"To put him in a position where he’s working around young children on a daily basis . . . makes me question what else don’t we know yet? The whole system, they’re all out there to protect everybody, even more so the children."

The parent asked not to be named as it could identify her child.

She questioned the risks that were taken in allowing the driver to continue working at the daycare after the allegations against him became known.

"It’s like giving someone on a diet cheesecake," she said.

The Community Services Department, having heard even an allegation about the presence of a potential abuser, should have acted immediately, she said.

"They should have had him removed from staff at that centre . . . and said. ‘You need to leave.’ "

Jane Earle, who served as an executive director at the Home for Colored Children for 10 months in 1980, said recently that she went to the daycare in the late 1990s or early 2000s to voice her concerns about Williams. She said she was told that nothing could be done because he had not been convicted of any crime.

Opposition leaders demanded Friday to know what steps the Community Services Department took after hearing the allegations about Williams.

Progressive Conservative Leader Jamie Baillie said the department had a duty to act on the information that lawyers brought forward about a potentially dangerous situation for children.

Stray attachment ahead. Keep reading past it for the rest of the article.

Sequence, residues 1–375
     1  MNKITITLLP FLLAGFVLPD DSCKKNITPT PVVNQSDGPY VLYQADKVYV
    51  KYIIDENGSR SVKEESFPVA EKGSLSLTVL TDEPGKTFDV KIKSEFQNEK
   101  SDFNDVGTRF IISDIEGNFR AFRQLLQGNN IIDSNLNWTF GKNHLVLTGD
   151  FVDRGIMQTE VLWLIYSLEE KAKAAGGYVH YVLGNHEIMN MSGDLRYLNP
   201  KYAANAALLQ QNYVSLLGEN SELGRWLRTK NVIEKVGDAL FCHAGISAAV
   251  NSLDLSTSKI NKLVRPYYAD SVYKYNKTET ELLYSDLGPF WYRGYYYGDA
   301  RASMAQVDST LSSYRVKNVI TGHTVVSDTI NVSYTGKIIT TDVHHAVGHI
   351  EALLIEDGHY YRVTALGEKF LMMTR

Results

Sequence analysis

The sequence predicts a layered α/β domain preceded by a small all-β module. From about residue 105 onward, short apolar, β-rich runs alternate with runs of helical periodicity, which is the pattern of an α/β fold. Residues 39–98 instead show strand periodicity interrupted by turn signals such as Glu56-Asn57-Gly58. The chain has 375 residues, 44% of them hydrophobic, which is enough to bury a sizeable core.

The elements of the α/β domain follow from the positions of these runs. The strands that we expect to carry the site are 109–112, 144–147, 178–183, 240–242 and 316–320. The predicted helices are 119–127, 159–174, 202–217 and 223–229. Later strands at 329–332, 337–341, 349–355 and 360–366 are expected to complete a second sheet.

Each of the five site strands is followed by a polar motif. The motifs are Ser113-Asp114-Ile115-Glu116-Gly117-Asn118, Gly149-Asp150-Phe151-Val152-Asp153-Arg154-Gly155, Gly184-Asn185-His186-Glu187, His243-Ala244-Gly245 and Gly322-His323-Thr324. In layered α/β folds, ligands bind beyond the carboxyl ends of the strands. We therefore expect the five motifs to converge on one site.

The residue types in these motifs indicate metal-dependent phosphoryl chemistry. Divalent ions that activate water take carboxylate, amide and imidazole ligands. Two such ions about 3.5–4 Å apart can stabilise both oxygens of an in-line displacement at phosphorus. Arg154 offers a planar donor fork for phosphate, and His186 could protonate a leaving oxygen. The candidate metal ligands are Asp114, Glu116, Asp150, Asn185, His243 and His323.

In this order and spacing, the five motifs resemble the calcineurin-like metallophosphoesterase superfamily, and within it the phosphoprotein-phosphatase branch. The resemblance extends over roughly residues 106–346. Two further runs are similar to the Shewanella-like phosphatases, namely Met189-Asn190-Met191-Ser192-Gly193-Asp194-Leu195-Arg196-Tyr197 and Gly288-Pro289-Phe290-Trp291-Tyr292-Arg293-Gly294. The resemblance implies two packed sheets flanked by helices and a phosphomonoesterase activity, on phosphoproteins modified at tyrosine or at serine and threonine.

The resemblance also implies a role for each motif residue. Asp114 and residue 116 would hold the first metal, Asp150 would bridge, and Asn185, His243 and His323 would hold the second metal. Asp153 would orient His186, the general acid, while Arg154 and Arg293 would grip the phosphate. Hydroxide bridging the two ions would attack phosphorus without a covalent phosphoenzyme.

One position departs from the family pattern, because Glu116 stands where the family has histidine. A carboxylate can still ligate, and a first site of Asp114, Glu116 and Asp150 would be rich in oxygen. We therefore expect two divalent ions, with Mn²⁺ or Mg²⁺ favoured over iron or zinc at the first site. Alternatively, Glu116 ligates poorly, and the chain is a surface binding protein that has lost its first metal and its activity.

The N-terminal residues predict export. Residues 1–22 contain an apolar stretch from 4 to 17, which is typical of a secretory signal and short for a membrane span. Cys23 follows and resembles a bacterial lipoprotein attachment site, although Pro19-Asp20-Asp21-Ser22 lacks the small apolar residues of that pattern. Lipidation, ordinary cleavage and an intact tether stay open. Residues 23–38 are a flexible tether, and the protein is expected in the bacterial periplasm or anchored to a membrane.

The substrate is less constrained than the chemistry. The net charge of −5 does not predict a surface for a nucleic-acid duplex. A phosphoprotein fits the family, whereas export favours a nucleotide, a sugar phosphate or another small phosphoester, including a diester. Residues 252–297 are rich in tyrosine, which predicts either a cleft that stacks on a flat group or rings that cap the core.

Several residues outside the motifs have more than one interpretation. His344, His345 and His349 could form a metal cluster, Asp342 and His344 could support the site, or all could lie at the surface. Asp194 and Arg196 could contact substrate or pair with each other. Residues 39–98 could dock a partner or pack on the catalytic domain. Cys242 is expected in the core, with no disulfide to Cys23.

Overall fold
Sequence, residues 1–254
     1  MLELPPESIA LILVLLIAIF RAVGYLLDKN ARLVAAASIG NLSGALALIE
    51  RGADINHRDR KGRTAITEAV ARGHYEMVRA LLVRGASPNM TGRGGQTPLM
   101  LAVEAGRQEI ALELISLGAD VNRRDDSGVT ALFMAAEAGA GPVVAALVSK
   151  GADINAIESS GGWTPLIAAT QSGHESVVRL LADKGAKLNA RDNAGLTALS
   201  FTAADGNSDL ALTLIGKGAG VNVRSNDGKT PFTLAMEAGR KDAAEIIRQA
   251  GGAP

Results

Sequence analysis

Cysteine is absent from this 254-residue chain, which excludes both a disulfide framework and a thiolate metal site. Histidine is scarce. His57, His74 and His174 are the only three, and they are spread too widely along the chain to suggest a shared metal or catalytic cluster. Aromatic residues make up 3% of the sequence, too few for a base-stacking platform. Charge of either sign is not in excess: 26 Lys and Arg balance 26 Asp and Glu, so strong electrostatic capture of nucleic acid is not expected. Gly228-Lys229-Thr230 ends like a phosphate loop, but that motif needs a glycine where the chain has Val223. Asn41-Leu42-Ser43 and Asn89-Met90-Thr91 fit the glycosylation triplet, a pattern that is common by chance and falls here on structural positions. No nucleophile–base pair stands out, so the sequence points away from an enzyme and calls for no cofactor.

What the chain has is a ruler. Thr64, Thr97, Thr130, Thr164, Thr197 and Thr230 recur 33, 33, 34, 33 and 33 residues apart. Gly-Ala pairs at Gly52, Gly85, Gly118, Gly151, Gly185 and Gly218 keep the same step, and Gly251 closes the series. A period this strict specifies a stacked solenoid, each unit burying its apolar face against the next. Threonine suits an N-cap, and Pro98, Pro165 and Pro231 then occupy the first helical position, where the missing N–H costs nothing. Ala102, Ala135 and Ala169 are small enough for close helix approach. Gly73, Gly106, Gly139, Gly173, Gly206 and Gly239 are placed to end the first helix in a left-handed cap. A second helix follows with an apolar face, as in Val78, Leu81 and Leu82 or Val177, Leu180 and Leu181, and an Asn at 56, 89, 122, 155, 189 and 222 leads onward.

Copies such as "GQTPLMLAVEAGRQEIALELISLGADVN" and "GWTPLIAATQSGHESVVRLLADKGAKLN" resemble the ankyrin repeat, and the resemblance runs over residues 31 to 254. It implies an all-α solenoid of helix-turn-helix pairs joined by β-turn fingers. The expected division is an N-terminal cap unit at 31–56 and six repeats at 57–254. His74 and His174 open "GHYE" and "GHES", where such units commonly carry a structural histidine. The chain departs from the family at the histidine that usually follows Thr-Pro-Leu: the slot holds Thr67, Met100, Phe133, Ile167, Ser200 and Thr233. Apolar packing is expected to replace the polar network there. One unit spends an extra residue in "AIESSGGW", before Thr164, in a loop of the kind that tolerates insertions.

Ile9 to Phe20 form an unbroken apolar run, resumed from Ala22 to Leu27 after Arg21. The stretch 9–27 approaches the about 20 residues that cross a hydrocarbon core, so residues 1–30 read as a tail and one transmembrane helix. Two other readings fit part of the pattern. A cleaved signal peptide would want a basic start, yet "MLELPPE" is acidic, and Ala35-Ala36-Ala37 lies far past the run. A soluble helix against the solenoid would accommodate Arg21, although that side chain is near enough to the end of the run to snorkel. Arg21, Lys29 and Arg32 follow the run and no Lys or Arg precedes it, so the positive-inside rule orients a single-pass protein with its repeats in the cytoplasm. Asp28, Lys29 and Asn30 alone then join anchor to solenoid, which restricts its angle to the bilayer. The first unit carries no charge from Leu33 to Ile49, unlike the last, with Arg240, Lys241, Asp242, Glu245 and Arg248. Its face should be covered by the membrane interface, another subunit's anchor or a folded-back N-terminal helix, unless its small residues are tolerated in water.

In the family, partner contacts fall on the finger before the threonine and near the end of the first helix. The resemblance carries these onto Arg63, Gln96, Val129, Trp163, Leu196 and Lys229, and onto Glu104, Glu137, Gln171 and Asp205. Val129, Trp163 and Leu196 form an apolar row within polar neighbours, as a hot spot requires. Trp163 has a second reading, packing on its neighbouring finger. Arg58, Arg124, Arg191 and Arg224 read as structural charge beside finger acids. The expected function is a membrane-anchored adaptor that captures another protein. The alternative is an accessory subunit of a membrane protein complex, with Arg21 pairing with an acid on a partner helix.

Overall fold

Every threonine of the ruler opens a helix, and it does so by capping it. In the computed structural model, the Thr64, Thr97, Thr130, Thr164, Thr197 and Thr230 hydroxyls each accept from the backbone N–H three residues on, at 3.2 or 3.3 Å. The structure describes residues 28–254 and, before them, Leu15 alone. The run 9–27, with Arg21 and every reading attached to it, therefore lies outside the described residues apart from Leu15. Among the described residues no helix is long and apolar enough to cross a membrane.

"The fact they failed to do so, to me, is sickening," Baillie said.

"If the reason Community Services didn’t act had anything to do with a lawsuit, then I believe that they have failed in their first duty, which is to protect the public, and in particular, our children. That’s why I would call on them to give a full accounting of what actions were taken after they became aware of the situation."

Liberal Leader Stephen McNeil said the government needs to explain what happened, especially considering one of its own lawyers raised the issue with the Community Services Department.

"If government isn’t going to respond to those kinds of allegations, why would we expect anyone else to?" McNeil said. "It’s what we need to do to make sure that our children are safe."

Community Services Minister Denise Peterson-Rafuse is on vacation and was not available for comment Friday, said department spokeswoman Cassie Naas.

Naas said the department would have told the people bringing the allegations that they should take them to police instead. But she didn’t know who had contacted the department with the concerns, or when.

Naas said daycares are independently operated but the department requires them to check employees who have contact with children with the child abuse registry.

McNeil said he’s also concerned about the broader issue of past abuse alleged at the Home for Colored Children, considering the claims the alleged victims have made. He said the government should find a way to address it outside the court process, with a public inquiry being an option.

"Is there another mechanism that would allow us to get to the bottom and find the solution to this?" he said. "These are very compelling human stories, and I think if we want to be viewed as a caring, compassionate society and community, we should have a way to respond to those."

( ehoare@herald.ca)

( djackson@herald.ca)

2012 Mar 12